Something few people know about you: I am obsessed with making paper cranes. I make them in all sizes and colors and they’re scattered all around my room. I hope to make 1000 someday soon because then I get to make a wish.


photo of Austin Gladden

Austin Gladden

What are your majors? Elementary Education (Middle Childhood - Early Adolescence w/ a content-focused minor in Specialized Science).

Expected graduation: Spring 2020

What inspired your interest in the environment and/or community? What inspired my interest in the environment and my community is the fact that I do not believe that a community can exist without an environment. Therefore, as a community, we must take pride in the resources that we have and protect them as if they are all we have. When we take our environment for granted, we see the results of it through global warming and other “natural” disasters that are seeming all too unnatural nowadays. I think that if we want to continue to be able to enjoy life, we have to respect that there is life all around us - even in things we do not wish to see it in - and we have to carry that tradition on.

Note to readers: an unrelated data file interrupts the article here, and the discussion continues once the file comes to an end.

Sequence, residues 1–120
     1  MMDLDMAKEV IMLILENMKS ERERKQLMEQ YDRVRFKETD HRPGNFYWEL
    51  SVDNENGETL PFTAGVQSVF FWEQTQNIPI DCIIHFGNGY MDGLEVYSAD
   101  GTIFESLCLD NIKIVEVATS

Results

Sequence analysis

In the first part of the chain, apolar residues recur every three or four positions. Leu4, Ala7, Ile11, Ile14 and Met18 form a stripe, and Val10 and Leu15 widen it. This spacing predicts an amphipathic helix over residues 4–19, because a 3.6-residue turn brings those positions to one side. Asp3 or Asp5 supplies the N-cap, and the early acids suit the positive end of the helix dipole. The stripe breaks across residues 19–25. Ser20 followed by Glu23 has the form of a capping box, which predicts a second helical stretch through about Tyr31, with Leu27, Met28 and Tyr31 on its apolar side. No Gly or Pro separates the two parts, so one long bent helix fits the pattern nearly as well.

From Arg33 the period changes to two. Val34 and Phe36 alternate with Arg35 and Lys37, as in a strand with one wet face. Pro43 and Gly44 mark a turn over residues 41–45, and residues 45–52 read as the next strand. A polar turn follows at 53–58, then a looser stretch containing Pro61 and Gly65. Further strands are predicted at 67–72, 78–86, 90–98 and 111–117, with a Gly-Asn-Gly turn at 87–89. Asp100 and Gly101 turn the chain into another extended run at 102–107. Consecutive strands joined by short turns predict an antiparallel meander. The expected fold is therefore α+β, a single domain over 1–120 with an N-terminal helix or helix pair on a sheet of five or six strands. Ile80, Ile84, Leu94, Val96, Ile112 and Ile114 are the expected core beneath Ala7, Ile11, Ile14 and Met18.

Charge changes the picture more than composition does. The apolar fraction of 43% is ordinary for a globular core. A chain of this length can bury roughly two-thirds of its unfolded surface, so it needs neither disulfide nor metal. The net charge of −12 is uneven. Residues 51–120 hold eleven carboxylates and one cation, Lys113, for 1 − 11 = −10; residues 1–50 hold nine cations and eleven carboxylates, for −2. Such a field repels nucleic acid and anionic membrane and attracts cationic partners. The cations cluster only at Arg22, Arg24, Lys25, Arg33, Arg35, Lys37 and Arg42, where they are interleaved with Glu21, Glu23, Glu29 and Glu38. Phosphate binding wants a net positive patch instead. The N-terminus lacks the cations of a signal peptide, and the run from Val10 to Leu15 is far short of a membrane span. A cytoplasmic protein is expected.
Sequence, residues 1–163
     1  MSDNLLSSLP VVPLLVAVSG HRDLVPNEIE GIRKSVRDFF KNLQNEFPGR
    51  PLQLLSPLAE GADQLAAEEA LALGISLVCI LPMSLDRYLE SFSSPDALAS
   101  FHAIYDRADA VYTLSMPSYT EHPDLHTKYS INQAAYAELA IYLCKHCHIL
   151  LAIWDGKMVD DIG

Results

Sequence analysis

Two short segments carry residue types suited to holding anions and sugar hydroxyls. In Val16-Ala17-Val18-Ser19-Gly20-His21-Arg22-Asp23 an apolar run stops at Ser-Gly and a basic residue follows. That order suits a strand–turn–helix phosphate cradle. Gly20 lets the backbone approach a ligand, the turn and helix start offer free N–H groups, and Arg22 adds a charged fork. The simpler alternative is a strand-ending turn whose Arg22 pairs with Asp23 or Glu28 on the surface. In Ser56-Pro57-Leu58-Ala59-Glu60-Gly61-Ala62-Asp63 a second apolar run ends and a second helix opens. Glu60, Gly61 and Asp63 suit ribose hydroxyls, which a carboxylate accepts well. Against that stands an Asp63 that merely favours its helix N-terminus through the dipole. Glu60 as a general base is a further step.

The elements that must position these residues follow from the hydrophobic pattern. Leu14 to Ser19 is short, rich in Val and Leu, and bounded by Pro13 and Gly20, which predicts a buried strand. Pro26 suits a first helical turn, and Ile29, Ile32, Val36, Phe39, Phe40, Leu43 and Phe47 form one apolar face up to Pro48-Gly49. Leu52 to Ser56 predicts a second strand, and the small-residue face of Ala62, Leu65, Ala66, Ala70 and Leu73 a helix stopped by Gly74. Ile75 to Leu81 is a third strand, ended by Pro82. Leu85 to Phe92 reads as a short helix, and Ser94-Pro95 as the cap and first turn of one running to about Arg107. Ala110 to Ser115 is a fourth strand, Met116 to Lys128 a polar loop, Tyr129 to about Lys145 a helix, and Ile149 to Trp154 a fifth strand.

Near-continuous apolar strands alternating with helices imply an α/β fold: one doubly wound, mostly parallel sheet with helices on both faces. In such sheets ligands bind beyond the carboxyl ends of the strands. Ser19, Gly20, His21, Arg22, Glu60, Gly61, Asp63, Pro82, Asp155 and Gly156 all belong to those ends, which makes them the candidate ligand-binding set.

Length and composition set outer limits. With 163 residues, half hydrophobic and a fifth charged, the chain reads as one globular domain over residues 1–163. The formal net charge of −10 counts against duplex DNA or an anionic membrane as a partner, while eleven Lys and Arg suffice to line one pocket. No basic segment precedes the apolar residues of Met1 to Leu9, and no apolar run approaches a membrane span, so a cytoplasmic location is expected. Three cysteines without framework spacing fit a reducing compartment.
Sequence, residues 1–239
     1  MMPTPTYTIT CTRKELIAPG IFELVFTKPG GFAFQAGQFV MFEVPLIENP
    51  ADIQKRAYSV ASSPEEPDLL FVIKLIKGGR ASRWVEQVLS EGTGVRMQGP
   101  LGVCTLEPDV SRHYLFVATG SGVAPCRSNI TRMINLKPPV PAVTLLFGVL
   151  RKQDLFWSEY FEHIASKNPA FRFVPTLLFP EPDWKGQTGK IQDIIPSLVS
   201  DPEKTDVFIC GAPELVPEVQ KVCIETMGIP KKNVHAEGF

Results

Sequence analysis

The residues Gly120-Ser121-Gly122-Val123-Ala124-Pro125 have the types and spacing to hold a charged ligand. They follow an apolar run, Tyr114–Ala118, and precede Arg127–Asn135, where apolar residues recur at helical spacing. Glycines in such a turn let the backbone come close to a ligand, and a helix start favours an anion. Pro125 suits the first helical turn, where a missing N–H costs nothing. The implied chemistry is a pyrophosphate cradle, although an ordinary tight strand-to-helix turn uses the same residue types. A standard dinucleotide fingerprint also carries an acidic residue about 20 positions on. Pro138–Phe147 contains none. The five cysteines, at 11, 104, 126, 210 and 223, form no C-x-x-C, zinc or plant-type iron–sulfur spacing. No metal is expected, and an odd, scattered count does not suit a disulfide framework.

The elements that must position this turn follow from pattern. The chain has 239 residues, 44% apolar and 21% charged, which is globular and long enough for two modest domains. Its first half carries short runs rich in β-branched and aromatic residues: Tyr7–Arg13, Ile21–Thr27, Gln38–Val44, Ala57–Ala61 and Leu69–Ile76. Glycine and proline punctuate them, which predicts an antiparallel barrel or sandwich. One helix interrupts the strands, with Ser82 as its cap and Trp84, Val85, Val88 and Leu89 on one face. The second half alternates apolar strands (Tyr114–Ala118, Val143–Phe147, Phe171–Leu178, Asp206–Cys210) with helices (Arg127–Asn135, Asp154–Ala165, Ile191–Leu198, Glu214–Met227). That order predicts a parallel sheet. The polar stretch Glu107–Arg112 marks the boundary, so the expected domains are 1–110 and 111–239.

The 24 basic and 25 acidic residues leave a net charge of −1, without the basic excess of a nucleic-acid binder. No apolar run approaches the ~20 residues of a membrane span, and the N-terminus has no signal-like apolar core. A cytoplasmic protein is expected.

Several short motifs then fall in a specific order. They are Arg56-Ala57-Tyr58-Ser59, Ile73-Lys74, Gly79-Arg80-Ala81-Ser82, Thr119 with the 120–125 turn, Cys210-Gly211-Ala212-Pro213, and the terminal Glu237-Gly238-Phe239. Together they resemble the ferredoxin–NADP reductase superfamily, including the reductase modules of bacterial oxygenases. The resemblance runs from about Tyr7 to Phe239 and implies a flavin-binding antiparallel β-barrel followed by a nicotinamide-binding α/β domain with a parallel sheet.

What would you say (or do you say) to other students about CESP and the Nelson Institute? To all those out there in need of a home that also happens to shelter many faculty and staff who can offer you expert advice in all things “environmental” (and just about anything else, for that matter) you have come to the right place! Science Hall, in general, is a really cool building and if you happen to join CESP that is just an added bonus to all of the perks that come with being associated with the Nelson Institute.

Something few people know about you: My dream job is being a superintendent for a school district. #anythingforthekids

Something else about you? This semester, I am a part of Team Infinity. Thanks to Cathy, Molly, and Rob, and all of the wonderful support that they give, I have been able to make it this far with the program and I just want to let everyone out there know that once you are a part of the CESP family, you do not leave it. This group really does make a difference in my life, and I hope that if you choose to embark on this journey, it will do the same for you!


photo of Clarissa Gomez

Clarissa Gomez